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Let $\lambda_1$ and $\lambda_2$ be two distinct eigenvalues of an $n \times n$ matrix $A$, $v_1$ and $v_2$ are the corresponding eigenvectors. Prove that $v_1 + v_2$ is not an eigenvector of $A$.

Is this how you set this up? Unsure where to begin.

$A(v_1+v_2) = Av_1 + Av_2$

$A(v_1+v_2) = \lambda_1v_1 + \lambda_2v_2$

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  • $\begingroup$ Have you already encountered a proof that with the same assumptions ($\lambda_1$ and $\lambda_2$ are two distinct eigenvalues of an $n\times n$ matrix $A$, $v_1$ and $v_2$ are their eigenvectors), $v_1$ and $v_2$ are linearly independent? If so, then use that. If not, then that is the place to start. $\endgroup$ – Misha Lavrov Nov 27 '18 at 23:20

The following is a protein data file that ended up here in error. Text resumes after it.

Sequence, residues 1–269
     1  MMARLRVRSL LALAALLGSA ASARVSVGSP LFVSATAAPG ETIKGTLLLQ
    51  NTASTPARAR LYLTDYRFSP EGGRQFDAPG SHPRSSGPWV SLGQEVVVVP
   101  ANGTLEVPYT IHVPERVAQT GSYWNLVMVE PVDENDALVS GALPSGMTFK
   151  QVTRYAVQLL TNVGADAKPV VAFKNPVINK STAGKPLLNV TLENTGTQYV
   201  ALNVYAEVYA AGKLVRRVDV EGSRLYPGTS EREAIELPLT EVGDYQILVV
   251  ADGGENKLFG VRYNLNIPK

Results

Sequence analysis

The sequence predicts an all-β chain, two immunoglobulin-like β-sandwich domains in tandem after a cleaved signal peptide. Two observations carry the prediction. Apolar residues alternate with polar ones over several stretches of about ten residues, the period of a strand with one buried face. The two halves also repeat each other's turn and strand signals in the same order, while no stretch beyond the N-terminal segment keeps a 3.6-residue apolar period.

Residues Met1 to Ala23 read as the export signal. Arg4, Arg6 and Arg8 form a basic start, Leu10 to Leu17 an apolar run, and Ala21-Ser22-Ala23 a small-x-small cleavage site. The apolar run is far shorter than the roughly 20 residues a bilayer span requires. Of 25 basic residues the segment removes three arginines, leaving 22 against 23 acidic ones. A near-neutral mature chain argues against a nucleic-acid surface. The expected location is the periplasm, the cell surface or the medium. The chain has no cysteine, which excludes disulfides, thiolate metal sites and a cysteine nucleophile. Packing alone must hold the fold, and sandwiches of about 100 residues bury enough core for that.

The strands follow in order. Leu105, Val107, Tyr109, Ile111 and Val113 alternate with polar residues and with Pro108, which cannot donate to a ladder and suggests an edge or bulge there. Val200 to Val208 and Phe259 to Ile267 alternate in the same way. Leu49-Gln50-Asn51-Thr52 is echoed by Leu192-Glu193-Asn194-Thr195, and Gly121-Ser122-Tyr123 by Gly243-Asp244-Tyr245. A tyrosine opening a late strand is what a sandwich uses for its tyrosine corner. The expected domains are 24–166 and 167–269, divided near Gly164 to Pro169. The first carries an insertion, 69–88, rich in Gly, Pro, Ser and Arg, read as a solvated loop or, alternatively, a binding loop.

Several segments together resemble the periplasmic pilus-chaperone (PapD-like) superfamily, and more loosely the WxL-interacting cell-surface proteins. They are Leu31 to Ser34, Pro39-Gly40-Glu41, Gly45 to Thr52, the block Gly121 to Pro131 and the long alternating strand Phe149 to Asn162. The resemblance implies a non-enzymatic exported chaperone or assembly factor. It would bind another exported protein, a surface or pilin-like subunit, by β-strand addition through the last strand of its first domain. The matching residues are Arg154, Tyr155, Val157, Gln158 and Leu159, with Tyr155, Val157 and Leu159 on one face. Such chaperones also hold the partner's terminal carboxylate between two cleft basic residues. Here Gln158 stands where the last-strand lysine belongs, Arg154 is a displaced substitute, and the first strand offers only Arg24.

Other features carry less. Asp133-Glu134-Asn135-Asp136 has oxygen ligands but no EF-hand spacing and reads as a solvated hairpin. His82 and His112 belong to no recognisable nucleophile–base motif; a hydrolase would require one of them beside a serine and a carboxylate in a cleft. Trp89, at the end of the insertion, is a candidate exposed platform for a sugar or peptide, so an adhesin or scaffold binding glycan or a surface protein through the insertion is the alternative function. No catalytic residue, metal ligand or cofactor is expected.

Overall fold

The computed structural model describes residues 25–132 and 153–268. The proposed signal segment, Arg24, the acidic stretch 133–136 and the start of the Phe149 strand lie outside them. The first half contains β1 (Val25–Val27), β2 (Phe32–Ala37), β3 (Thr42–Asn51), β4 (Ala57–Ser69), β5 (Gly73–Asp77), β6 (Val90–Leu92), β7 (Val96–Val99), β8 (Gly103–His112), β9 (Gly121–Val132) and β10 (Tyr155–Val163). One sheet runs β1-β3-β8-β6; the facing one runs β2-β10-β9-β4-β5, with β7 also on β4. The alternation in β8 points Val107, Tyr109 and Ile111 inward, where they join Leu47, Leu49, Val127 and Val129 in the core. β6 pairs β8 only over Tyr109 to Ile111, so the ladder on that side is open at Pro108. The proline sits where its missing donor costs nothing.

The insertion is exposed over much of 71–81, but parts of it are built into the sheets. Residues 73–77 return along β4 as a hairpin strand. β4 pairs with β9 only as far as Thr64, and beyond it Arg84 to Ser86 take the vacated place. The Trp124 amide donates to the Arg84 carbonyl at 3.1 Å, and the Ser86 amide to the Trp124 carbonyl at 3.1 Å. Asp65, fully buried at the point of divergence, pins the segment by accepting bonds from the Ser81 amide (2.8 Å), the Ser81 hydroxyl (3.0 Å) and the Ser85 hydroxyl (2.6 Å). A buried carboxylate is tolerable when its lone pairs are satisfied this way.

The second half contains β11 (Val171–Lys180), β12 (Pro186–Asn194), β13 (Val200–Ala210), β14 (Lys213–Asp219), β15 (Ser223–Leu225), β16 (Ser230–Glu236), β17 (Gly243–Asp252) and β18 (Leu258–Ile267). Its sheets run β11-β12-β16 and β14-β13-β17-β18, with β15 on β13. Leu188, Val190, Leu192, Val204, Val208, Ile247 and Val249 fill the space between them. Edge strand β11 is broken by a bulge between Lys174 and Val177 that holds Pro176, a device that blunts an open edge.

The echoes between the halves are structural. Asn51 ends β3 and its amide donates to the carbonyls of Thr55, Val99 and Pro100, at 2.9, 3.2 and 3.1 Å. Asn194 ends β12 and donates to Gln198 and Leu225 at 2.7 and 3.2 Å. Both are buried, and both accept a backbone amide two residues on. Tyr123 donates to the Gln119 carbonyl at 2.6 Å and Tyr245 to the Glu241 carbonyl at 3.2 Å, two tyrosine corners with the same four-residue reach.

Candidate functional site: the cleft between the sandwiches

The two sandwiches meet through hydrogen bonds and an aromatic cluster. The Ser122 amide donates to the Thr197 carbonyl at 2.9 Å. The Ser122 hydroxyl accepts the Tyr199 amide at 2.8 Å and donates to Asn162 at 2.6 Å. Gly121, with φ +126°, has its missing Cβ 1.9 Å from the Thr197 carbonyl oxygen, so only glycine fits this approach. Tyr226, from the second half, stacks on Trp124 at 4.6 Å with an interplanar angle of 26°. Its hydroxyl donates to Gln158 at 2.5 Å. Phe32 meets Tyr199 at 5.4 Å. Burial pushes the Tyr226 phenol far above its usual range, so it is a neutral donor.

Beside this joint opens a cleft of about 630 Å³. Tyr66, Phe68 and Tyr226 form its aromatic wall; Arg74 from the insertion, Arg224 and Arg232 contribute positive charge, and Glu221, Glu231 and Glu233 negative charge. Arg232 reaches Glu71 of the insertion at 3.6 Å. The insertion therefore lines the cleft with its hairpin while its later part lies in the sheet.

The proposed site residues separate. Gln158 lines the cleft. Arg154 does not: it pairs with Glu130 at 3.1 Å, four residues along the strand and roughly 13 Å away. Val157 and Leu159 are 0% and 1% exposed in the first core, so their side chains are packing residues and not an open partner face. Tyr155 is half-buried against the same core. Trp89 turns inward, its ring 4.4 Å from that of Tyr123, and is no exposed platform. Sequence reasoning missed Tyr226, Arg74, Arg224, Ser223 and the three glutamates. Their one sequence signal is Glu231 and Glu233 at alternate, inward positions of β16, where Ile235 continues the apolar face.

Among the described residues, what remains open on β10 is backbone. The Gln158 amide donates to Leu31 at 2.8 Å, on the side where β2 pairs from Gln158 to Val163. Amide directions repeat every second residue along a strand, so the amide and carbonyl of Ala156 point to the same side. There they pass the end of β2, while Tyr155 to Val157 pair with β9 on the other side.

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By contradiction:

If $v_1 + v_2$ is an eigenvector of A then there exists and eigenvalue $\lambda$ so that $$ A(v_1 + v_2) = \lambda(v_1 + v_2) = \lambda v_1 + \lambda v_2.$$ However since $v_1$ and $v_2$ are eigenvectors and $A$ is linear we have $$ A(v_1 + v_2) = A(v_1) + A(v_2) = \lambda_1 v_1 + \lambda_2v_2.$$ Therefore $$ \lambda v_1 + \lambda v_2 = \lambda_1 v_1 + \lambda_2v_2$$ $$ \iff$$ $$ (\lambda - \lambda_1) v_1 + (\lambda - \lambda_2)v_2 = 0. $$ Since $\lambda_1 \neq \lambda_2$, $v_1$ and $v_2$ are linearly independent so $$ \lambda - \lambda_1 = 0 \qquad \lambda-\lambda_2 = 0.$$ So $ \lambda = \lambda_1 = \lambda_2 $ which is a contradiction.

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What you have above is true. It may help to write $\lambda_2 = \lambda_1 + c$ where $c \neq 0$. Then you can write $A(v_1 + v_2) = \lambda_1 (v_1 + v_2) + cv_2$. From here, you should be able to argue that $v_2$ is not parallel to $v_1 + v_2$, based on the assumption that $\lambda_1 \neq \lambda_2$, so $v_1 + v_2$ cannot be an eigenvector of $A$.

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